According to Dr Sulzberger from Victoria University, New Zealand, "listening to the language creates neural tissue and connections in the brain and facilitates learning of new words in that language." It does not have to happen tomorrow, but the moment a person will be required to remember words in the language they are passively exposed to, they will do it with an ease. Dr Sulzberger notes that "our ability to learn new words is directly related to how often we have been exposed to the particular combinations of the sounds which make up the words. "
And what I noticed in my kids, exposing to a language passively also creates high level of curiosity that stimulates the language learning.
I remember how my almost 3 year old son was asking me to translate Russian words into English on our 1,5 hour car trip. It was a continuous question and answer inquisition trip. The first 10 minutes I was happy and proud, the next 10 - surprised and then... I was getting tired and bored. But what a mother would not do for her child?! Right! I was patiently translating the words into English for 1,5 hours straight! Besides of that extreme example of curiosity, my children periodically ask how would I call something in English. I guess they would like to grasp my conversations with their father ( what we converse about in English). I also notice that they are able to memorize English words I tell them almost right away.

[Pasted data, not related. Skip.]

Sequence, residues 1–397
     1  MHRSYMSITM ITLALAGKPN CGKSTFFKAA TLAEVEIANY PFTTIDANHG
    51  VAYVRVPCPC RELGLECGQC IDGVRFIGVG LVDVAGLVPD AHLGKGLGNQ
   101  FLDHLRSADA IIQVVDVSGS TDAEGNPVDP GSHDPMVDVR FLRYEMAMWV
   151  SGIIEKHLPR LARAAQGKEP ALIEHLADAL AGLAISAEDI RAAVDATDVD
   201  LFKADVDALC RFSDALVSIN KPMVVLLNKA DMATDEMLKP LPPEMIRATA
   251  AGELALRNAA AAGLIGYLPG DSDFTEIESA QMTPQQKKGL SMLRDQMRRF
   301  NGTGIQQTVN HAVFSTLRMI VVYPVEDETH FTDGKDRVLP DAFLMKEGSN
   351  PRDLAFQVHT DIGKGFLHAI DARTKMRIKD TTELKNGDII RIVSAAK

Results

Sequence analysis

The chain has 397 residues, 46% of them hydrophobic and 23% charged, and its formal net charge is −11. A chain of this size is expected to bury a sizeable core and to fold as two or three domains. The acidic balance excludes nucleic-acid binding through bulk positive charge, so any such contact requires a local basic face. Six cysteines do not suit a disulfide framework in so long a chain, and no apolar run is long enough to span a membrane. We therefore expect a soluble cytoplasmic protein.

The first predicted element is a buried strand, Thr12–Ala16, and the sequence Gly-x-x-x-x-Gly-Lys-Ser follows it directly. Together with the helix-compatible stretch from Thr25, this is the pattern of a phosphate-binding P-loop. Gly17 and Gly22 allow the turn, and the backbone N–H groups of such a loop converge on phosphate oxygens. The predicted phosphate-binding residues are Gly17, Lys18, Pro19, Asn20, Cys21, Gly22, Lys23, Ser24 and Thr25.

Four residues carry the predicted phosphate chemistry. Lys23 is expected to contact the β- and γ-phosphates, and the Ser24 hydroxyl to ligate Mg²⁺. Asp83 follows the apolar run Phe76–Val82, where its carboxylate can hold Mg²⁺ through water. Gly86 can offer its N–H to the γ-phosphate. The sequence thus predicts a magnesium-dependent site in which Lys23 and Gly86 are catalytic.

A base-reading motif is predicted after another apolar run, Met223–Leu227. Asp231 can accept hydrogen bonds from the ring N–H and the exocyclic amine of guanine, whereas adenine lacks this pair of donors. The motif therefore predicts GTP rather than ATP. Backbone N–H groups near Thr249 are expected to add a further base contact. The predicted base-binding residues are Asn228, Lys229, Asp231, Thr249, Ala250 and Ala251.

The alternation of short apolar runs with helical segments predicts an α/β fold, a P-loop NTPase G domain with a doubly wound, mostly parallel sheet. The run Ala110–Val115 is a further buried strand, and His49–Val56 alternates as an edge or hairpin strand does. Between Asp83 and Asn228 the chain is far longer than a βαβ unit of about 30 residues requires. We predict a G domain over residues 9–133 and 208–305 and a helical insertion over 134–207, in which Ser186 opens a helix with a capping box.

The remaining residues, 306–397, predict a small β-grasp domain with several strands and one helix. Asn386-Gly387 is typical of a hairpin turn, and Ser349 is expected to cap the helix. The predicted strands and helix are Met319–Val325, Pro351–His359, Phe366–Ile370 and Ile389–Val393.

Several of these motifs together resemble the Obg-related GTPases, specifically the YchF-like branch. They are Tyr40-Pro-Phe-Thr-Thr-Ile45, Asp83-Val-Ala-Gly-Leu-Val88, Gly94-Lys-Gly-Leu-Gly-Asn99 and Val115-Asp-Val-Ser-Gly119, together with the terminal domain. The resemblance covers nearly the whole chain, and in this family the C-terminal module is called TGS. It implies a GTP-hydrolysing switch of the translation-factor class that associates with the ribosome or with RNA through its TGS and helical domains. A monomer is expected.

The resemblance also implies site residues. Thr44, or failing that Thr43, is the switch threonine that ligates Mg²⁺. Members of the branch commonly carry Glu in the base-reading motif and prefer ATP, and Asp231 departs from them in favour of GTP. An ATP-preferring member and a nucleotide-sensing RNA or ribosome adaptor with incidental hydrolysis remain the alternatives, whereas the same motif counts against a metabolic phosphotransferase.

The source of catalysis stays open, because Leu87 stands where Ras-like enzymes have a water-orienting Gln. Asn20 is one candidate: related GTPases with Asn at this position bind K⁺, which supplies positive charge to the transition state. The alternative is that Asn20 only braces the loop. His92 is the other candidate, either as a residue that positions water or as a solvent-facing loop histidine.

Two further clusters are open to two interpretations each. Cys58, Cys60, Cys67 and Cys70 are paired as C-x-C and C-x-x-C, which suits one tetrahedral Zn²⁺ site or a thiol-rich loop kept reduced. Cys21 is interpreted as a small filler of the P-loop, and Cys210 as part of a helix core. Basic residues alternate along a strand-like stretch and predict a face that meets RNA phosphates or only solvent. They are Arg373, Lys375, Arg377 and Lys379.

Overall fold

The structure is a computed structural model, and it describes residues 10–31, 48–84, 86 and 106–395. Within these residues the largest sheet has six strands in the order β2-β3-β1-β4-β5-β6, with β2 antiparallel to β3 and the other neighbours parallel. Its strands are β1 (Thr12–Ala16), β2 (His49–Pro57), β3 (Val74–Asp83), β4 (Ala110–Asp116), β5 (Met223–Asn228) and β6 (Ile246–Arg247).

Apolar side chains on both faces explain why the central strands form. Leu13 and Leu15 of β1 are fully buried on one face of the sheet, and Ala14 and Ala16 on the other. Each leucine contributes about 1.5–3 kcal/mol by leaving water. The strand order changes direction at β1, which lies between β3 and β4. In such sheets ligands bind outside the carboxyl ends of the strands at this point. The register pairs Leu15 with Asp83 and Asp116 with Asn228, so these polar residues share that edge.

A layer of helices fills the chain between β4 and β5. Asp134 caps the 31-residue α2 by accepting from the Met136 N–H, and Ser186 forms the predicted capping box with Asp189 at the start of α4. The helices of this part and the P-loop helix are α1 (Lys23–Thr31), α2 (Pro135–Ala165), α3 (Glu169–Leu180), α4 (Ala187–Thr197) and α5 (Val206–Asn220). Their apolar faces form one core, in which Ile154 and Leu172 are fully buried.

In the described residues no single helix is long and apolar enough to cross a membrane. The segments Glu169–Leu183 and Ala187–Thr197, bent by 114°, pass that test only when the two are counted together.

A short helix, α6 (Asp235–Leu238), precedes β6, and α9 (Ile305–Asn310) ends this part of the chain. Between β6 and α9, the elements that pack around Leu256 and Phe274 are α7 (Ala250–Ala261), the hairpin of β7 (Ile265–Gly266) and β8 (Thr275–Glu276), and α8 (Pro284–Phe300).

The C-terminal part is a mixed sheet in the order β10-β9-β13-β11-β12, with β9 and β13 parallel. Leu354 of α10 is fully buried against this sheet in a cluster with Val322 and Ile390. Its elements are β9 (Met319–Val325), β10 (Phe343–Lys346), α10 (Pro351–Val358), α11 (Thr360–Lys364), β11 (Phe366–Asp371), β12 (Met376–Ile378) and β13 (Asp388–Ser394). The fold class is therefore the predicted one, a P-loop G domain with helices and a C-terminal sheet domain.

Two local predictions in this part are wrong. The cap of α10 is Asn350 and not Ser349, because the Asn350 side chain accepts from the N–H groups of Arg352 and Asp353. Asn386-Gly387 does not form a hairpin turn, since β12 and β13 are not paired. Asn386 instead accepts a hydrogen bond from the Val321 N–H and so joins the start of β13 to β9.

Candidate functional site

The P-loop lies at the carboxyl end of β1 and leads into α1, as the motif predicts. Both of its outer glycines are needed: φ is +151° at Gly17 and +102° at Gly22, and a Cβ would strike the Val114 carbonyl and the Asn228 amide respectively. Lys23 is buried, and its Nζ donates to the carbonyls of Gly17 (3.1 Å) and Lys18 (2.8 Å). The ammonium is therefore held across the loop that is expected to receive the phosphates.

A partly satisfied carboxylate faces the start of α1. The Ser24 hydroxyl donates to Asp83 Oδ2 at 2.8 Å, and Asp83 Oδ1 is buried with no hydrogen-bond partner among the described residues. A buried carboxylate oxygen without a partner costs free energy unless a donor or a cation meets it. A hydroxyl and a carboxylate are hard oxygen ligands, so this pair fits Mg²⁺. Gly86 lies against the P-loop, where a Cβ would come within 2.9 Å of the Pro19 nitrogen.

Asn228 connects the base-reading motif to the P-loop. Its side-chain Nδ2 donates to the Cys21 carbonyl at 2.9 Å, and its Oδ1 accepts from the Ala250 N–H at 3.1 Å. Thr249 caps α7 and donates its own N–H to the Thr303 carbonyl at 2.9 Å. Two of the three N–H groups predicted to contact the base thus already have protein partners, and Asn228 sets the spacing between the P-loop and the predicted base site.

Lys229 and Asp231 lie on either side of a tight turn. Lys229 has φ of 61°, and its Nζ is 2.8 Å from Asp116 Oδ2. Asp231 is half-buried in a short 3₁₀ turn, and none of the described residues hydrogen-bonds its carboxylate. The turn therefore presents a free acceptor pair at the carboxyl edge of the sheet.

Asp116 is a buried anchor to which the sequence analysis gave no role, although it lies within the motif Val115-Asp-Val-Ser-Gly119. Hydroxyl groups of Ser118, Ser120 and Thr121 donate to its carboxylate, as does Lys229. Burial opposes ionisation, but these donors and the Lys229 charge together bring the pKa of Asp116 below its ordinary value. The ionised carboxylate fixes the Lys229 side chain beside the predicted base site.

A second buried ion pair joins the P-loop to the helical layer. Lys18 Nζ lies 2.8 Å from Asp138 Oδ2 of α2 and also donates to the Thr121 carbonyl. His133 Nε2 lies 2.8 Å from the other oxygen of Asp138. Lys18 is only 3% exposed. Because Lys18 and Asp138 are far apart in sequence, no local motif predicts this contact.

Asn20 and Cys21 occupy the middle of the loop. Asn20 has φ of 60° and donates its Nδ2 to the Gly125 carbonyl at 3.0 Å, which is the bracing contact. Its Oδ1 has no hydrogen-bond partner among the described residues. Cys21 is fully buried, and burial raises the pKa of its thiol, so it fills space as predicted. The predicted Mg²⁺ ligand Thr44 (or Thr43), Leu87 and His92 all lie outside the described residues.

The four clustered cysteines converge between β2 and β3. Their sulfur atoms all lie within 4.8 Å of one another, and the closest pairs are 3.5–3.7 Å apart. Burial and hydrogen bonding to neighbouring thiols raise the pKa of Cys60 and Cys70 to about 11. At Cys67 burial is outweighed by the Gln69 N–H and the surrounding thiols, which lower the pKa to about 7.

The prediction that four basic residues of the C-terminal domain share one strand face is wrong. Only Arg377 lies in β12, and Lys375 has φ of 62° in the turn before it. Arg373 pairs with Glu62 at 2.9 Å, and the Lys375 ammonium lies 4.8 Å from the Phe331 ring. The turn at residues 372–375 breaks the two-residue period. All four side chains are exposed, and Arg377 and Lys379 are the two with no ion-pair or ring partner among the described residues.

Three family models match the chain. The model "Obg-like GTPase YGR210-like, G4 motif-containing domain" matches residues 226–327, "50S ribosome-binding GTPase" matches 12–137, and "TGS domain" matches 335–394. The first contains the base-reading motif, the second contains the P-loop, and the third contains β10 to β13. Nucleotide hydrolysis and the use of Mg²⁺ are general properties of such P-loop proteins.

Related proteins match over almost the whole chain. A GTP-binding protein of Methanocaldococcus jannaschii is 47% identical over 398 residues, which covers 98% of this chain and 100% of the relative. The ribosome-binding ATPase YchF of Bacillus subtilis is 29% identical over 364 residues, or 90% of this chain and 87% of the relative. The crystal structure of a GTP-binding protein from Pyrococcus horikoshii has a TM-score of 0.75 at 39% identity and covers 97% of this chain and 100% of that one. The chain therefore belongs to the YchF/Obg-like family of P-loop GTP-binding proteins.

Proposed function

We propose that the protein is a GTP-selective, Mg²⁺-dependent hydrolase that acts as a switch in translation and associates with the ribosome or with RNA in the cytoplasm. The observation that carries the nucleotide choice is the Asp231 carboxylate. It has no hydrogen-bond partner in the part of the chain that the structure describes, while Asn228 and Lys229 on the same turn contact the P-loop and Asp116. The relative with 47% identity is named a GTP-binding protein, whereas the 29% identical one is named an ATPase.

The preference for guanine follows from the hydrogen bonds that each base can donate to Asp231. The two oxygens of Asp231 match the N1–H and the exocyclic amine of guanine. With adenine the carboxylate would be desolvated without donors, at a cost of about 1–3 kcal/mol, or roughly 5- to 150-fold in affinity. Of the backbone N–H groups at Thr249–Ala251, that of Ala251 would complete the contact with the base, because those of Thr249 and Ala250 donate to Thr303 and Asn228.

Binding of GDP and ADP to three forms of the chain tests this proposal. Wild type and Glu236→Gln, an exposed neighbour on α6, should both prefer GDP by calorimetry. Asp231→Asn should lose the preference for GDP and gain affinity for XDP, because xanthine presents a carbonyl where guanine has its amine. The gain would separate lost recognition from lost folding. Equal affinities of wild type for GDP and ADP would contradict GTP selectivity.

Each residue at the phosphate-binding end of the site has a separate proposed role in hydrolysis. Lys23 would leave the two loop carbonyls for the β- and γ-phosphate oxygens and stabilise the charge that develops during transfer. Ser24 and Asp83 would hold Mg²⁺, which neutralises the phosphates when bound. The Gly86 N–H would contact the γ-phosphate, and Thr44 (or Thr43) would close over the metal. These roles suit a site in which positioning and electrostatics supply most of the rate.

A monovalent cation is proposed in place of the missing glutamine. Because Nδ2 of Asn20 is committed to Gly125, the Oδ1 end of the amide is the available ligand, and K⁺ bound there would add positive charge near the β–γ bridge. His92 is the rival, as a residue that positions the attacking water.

Up until now I am somewhat slow in the active English teaching, as Russian still stands high on the list of priorities. I am waiting for my younger child to get to a certain level with Russian, before I start investing more time into both children's English.